This is the fourth installment of a series highlighting exceptional student contributions to the Global Research Institute. Stay tuned for other features throughout April: Undergraduate Research Month.
By Ava Barnes ’23, GRI Communications Assistant
Do you ever wonder what it’s like to hear from leading International Relations professors about the future of the discipline? Morgan Doll ’22 and Nathaly Perez ’22 have the chance to do just that through their roles at GRI’s Teaching, Research & International Policy Project. Recently, the lab has produced insights about scholars’ thoughts on the war in Ukraine, establishing a no-fly zone, the potential for China to Invade Taiwan, and more.
I was able to sit down with Morgan and Nathaly — two members of the TRIP Project’s team — to discuss how the IR discipline can inform contemporary debates. Determining why scholars use certain frameworks to interact with the global environment is one of the lab’s main objectives, Doll said.
“We study international relations scholars and mainly their interactions with different areas — including policymakers, journalists, NGO’s and think tanks,” Doll said. “We’re just trying to kind of understand IR scholars, why they use certain paradigms, and how they engage with the world.”
Some primary responsibilities of TRIP Research Assistants involve helping to create and distribute surveys to journalists, policy scholars, or non-governmental organizations, analyzing survey results, and coding international relations journals. Survey respondents have the chance to provide explanations and evidence that support their assertions about the discipline.
“The TRIP Project primarily surveys our scholars about the world, and we’ll ask different questions about what’s happening now and then from that data we organize it, clean it up, and then put it on the website,” Perez said.
Three primary datasets — the journal article database, collection of faculty surveys, and snap polls — are entirely free to access on the TRIP Project’s site.
Since Doll began at the TRIP Project in 2018, the team has produced and published around ten articles — all focusing on how IR is studied and perceived, and on scholars’ opinions about current events. Earlier this year, TRIP released a snap poll (pdf) detailing scholars’ perspectives on Russia’s invasion of Ukraine, and potential US responses. A near consensus emerged when scholars overwhelmingly opposed the idea of a US-imposed no-fly zone, regardless of academic rank, gender, theoretical framework, regional area of expertise, or subject area of expertise.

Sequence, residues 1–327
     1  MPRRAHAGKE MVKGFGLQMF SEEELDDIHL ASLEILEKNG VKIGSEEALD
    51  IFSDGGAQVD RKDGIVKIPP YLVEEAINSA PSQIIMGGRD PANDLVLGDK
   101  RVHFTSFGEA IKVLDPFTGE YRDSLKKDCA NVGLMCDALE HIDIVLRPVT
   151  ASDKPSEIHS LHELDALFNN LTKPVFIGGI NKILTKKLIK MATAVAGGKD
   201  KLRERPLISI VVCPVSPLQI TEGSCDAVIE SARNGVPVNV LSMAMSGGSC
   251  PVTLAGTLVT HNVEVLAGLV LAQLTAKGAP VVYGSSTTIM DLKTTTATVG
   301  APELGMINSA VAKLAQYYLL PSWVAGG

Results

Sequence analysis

Knowing that this work has meaningful outcomes inspires Perez, who describes her role as “a lot of data collection and then cleaning and organizing the data to create general themes.” The themes ensure that the data can be useful for a range of analyses, she said.
“I think it’s a unique experience — what I’ve been able to do with providing data — because it’s my name on the article,” she said. “It’s super cool.”
Interacting with IR professors across the country allows the student researchers to manipulate and interact with the immense amount of data provided by the surveys. The answers are anonymous, so linking ideas together across questions and respondents produces many new interpretations and possibilities, Doll said.
As the TRIP Project bridges the gap between academia and policy, it encourages undergraduate researchers to make real-world contributions. The lab arranged for Doll to present at a Foreign Affairs Journalist and Scholars conference during her sophomore year, allowing her to learn from experts who have engaged with her team’s work.
“It was awesome to get to meet the people whose articles I’ve been reading and just kind of see real life professionals talking about the things that we study at the TRIP Project,” she said. “We had been doing all this data collection the whole year, and then it kind of culminated in that conference.”
Perez said her experience at the TRIP Project has translated into the real world through her post-graduate job search.
“During the whole job application process interviewing, the TRIP Project is always coming up with whatever questions are asked — just because it applies to pretty much everything,” she said.
As the lab continues its work, look out for Nathaly’s upcoming blog post about the authorization of military force. Read past student blogs.